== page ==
And Candide Recommends:
  • ZIDANE SPEAKS! All excuses, zero regrets. See the Reuters report as well as, in French, how L'Equipe treats Zidane's interview on Canal Plus this evening. So boorish Materazzi insulted his mother and his sister. And this is how a grown man responds?
  • The war on immigrants continues to evolve brash and bigoted weaponry: The Wall Street Journal today reports on how “politicians from Massachusetts to California are drawing up laws and ordinances to limit illegal immigrants' access to jobs, housing and government services. The officials argue that illegal residents are overburdening local schools and hospitals and straining public finances.” The piece follows up on a similar take by The New York Times on Sunday, which focused on the racist mayor of Avon Park, Fla., who, like a brother-bigot mayor in Hazelton, Pa., pushing a similarly racist ordinance in his town, longs for the days when “nuclear families were the only occupants of single-family homes in their towns, every resident paid taxes and English was the only language heard on the streets.”

Tuesday, July 11, 2006

Debt and Kryptonite

When the only way to go is up, it’s easy to make things look rosier than they are. But two things about pink: It’s still a derivative of red, whether we’re talking blood or red ink. On Tuesday, and in a ceremony fit for the USS Abraham Lincoln, President Bush declared victory against the deficit. My Tuesday column shows why that "victory" has so much in common with Bush's rolling "victory" in Iraq: Bush's Deficit Fog in full...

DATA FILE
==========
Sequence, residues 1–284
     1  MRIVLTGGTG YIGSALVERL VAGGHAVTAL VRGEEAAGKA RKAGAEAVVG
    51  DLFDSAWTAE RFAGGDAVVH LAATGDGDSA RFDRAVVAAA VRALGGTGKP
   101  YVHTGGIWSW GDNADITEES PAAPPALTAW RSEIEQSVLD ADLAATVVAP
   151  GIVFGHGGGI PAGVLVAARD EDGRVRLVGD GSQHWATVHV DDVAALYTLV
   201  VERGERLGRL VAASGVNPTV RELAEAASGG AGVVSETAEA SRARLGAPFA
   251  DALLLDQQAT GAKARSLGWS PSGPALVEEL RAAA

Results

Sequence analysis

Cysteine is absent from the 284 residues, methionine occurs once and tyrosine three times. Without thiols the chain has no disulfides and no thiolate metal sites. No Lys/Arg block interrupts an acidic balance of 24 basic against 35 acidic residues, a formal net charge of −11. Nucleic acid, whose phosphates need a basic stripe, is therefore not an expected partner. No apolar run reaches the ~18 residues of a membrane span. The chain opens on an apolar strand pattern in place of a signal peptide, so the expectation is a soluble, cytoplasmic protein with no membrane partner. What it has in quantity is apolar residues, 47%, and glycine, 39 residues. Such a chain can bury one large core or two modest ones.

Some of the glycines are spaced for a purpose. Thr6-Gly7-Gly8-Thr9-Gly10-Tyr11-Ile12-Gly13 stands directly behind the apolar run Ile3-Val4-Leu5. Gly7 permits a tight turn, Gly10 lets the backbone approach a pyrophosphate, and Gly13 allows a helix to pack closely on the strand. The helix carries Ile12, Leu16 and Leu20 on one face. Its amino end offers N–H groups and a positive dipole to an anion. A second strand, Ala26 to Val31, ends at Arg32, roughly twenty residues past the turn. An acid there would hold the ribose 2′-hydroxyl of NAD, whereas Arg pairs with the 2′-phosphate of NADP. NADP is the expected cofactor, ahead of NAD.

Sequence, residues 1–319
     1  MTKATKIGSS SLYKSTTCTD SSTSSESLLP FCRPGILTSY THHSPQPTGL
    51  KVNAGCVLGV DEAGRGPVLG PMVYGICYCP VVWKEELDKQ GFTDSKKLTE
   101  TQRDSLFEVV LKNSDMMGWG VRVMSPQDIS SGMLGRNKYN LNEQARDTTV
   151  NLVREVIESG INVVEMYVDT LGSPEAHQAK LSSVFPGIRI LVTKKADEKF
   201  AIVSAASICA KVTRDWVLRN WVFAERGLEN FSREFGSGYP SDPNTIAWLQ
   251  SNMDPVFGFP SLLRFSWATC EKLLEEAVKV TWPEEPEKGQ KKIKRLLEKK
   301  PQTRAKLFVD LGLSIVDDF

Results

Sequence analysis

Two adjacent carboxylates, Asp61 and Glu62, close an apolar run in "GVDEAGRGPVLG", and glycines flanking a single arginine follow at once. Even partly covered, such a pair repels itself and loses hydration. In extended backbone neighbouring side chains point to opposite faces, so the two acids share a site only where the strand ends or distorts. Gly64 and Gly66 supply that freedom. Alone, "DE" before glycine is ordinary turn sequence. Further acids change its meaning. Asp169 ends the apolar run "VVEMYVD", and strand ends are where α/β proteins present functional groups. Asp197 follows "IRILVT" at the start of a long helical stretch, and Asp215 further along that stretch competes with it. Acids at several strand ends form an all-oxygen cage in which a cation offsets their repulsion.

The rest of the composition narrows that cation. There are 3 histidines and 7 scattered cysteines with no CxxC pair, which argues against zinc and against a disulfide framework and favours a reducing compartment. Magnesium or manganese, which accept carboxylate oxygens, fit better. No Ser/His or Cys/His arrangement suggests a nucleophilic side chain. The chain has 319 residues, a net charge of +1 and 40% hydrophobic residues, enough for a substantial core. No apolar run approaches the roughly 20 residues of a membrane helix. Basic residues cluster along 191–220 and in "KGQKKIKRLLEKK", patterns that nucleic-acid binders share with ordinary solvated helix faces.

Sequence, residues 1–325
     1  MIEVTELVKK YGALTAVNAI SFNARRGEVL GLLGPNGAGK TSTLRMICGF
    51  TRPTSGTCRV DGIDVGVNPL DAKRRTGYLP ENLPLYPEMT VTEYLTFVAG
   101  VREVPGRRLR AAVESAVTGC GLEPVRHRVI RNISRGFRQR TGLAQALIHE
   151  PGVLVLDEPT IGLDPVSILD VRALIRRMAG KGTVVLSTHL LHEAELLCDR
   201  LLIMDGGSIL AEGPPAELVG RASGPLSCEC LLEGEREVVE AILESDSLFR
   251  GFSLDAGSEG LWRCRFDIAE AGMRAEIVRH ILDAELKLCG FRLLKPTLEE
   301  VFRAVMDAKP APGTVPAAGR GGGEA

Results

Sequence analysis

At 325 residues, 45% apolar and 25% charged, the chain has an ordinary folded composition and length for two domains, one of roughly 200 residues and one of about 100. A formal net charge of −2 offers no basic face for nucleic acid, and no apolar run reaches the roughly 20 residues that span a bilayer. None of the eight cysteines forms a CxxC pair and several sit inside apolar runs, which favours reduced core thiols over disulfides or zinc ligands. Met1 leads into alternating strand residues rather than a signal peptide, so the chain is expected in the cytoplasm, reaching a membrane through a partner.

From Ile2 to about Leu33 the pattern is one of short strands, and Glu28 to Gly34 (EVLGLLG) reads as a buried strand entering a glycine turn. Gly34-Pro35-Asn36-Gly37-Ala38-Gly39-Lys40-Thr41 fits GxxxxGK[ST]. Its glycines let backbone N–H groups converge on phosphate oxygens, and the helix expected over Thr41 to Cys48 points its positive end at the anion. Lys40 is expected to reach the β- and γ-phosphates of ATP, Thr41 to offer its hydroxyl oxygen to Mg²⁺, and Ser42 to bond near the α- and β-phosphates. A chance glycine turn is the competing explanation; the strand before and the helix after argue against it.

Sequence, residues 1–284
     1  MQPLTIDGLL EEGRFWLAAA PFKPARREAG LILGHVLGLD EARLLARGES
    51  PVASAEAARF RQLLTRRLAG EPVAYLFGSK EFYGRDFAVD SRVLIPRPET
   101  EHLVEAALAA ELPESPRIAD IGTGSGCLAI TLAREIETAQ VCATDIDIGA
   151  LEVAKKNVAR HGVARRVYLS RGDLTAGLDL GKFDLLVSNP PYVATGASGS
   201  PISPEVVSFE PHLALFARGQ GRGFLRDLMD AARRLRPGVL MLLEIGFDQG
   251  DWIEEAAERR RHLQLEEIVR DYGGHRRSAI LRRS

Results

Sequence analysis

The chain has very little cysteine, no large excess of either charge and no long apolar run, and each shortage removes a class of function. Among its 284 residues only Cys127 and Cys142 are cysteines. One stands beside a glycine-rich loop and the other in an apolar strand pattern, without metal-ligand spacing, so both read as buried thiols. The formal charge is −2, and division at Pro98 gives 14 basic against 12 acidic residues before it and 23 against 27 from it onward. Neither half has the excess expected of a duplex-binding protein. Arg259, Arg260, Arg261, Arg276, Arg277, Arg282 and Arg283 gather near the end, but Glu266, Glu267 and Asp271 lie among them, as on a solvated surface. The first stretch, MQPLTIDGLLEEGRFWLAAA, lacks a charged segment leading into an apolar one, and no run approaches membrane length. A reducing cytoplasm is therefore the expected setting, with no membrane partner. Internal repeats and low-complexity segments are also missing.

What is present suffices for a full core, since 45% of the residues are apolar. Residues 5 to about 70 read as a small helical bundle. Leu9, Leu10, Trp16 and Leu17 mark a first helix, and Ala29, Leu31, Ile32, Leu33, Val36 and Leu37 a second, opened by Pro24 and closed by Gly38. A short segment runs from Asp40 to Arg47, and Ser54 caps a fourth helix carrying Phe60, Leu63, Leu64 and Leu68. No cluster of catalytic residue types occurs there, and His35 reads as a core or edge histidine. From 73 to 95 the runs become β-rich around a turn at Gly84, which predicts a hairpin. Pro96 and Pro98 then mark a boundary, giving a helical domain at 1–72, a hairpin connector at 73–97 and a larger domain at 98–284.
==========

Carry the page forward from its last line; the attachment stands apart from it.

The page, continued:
Frequent CN contributor and pop culture columnist Rick de Yampert takes on Superman's erectile shyness in Krypton and Nothingness...

And in other reads, Candide Recommends:

  • The Wall Street Journal's Peter Waldman reports on the FBI's favored tactic of corralling Muslim informants: use their Green Card to blackmail them and threaten deportation if they don't join up. As one FBI agent told Yassine Ouassif, the Moroccan subject of the story, "America is just like a bus, and you have a choice to make: Either you board the bus, or you leave." Emma Lazarus, R.I.P. The whole story here…
  • Zidane's self-implosion is still the story of the planet, the circling hurricane that won't abate. Leave it to Bernard-Henri Lévy, also in today's Journal, to tell us what led this man, "a man more admired than the Pope, the Dalai Lama and Nelson Mandela put together," to implode: It isn't the insults. "No. The truth is that it is perhaps not so easy to stay in the skin of an icon, demigod, hero, legend." The essay here...

CSI: Germany

Well, here it is: your complete World Cup postmortem in three easy pieces, including everything you need to know (and some of what you didn't) about that Zidane head-butt to Italy's sternum. Two pieces are from Notebooks contributors; you can see the front-page lay-out of the entire package by clicking here, or go to each individual piece:

And for those of you who are sick and tired of the World Cup, here are a few good reads recommended by Candide: